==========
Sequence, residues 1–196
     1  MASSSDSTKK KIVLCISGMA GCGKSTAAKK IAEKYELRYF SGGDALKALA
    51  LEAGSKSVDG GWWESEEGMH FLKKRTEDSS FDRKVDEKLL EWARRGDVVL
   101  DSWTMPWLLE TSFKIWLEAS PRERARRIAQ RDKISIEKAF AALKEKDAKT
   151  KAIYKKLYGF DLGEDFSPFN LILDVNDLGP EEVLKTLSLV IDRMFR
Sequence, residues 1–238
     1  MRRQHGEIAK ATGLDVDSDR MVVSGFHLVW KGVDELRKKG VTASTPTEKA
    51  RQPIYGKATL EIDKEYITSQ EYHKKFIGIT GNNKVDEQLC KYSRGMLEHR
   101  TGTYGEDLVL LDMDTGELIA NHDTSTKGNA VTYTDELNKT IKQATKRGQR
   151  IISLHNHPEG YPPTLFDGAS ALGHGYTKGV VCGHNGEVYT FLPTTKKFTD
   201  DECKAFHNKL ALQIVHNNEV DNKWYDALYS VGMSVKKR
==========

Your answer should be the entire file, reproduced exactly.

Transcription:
Sequence, residues 1–196
     1  MASSSDSTKK KIVLCISGMA GCGKSTAAKK IAEKYELRYF SGGDALKALA
    51  LEAGSKSVDG GWWESEEGMH FLKKRTEDSS FDRKVDEKLL EWARRGDVVL
   101  DSWTMPWLLE TSFKIWLEAS PRERARRIAQ RDKISIEKAF AALKEKDAKT
   151  KAIYKKLYGF DLGEDFSPFN LILDVNDLGP EEVLKTLSLV IDRMFR
Sequence, residues 1–238
     1  MRRQHGEIAK ATGLDVDSDR MVVSGFHLVW KGVDELRKKG VTASTPTEKA
    51  RQPIYGKATL EIDKEYITSQ EYHKKFIGIT GNNKVDEQLC KYSRGMLEHR
   101  TGTYGEDLVL LDMDTGELIA NHDTSTKGNA VTYTDELNKT IKQATKRGQR
   151  IISLHNHPEG YPPTLFDGAS ALGHGYTKGV VCGHNGEVYT FLPTTKKFTD
   201  DECKAFHNKL ALQIVHNNEV DNKWYDALYS VGMSVKKR